I have enjoyed the Chronicle-Independent for years, especially the editorial pages. Our local paper has some very talented writers and I look forward to reading these columns each issue. I was appalled with Trevor Baratko's column in the April 13 paper. He is a very talented young man; however, my opinion of him as a person is completely changed now. Does he really think that the rules don't apply to everyone and that it is OK to lie as long as you "lie convincingly"? And the sarcasm of the article referring to the Masters did not go unnoticed ...
Actions of our Camden cty government raise questions about the long-term direction of city plans. This is not to imply any personal attacks since I respect the individuals involved. However, major changes in policy and plans have long-term impact and therefore require much more understanding and justification.
During this past Tuesday evening's Camden City Council meeting, it was both refreshing and encouraging to see so many folks at the meeting and most particularly to hear from those who spoke during the public forum segment of the meeting. I certainly applaud all who were there. It is the right of every citizen to be able to speak about those things that affect their lives and their community.
I would like to thank your contributing editor, Glenn Tucker, for his brilliant article about the S.C. Department of Wildlife's proposal to release poisonous cotton-mouth moccasins into Lake Wateree. This was the best April Fool's joke ever! As I read the article, my blood starting boiling because I know there might possibly be someone out there fighting to preserve the snakes. Personally, I despise all snakes … so, I was really steaming! I was once told to make a lot of noise when walking down the ramp to our boat, so I even believed the part about snakes ...
I am writing this letter as a retired Kershaw County deputy, in reference to statements made by our new sheriff. First of all, I want to wish him the best in his new job. Sheriff Matthews has made several statements that the people in the past in Kershaw County did not do their job.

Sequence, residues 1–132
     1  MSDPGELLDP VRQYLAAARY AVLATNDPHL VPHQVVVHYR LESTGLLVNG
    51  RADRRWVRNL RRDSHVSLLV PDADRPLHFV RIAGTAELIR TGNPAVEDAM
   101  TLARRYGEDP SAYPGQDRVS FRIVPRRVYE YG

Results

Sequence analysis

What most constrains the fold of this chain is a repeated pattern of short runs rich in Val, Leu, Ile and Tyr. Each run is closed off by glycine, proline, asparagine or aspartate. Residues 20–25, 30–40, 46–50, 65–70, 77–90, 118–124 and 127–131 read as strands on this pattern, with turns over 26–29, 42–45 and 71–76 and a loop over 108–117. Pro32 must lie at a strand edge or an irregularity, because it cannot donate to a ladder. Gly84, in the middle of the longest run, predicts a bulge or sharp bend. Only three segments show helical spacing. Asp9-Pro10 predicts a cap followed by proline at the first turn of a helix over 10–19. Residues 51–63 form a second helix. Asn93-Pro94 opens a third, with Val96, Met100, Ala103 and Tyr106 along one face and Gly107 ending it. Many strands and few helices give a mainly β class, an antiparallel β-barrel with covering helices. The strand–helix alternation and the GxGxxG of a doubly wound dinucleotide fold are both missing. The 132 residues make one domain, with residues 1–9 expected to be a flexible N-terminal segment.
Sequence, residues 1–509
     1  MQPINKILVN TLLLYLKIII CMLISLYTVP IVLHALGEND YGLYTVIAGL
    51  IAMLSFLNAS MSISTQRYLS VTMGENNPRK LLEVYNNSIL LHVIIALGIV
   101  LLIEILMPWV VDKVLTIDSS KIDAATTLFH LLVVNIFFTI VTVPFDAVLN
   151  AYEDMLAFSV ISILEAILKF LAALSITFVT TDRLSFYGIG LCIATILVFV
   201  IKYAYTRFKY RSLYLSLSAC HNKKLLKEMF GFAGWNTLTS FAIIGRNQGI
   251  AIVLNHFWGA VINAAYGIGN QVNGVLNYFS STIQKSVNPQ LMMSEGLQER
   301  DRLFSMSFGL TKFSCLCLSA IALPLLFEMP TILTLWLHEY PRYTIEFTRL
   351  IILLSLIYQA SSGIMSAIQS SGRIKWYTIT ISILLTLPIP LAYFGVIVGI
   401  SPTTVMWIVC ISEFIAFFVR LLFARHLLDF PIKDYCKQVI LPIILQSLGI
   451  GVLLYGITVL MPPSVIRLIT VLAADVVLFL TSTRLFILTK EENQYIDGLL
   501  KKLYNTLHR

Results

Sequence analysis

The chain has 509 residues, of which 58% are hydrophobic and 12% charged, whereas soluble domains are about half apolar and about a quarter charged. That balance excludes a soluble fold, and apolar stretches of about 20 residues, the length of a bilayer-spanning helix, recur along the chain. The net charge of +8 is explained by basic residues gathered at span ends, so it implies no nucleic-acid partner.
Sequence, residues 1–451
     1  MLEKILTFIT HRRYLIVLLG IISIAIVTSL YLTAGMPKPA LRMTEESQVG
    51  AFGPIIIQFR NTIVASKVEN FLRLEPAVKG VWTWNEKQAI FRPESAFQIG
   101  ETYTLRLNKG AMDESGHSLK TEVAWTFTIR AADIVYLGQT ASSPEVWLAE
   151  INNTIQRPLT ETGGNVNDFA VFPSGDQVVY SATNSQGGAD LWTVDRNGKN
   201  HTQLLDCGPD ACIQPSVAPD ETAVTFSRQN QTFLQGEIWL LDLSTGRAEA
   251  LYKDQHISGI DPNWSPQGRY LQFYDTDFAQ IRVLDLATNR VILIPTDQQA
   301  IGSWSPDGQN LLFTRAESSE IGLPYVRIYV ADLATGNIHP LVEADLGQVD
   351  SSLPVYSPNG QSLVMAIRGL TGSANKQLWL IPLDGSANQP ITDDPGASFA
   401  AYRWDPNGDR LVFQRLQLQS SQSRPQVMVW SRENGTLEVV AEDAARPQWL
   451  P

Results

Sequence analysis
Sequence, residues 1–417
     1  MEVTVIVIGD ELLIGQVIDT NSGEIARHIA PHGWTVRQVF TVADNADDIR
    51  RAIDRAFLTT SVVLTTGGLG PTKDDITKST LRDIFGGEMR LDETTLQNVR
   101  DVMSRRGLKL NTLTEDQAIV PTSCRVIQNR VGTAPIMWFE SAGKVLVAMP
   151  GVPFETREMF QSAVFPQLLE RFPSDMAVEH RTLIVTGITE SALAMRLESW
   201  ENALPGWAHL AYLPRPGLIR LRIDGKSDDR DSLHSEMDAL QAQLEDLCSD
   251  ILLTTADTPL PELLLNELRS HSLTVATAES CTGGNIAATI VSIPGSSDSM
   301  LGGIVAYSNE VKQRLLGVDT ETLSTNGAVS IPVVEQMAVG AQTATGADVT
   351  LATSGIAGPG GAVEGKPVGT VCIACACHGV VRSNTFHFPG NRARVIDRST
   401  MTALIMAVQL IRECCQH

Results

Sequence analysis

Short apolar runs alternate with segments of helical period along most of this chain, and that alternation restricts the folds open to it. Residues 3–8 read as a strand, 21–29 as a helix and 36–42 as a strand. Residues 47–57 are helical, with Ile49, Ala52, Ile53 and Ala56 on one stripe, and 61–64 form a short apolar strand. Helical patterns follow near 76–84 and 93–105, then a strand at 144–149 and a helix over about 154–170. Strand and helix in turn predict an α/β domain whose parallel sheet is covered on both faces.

Young children in Kershaw County deserve the best that we can give them.
After reading the letter to the editor in the April 1 Chronicle-Independent praising Councilman Willard Polk for his immediate response to the request made by Paddy Bell, chairman of the Camden Garden Club, concerning the Joseph Kershaw gravesite project, I wasn't surprised.
Margot Rochester was a very special person. She was teacher, mentor, author, speaker, Master Gardener and friend to all who knew her. She wrote many gardening columns for various newspapers, including Kershaw County's Chronicle-Independent, and authored two books, "Earthly Delights" and "Down to Earth: Practical Thoughts for Passionate Gardeners." She was also a very special friend to me. We would often visit public and private gardens together. Every flower she saw was her "favorite," and she just had to have it in her garden. Because she lived close to me, I visit her garden often. Walking through her garden ...
After serving 12 years in the Camden Seventh-day Adventist Church, on Boykin Road, I bid fair Camden farewell.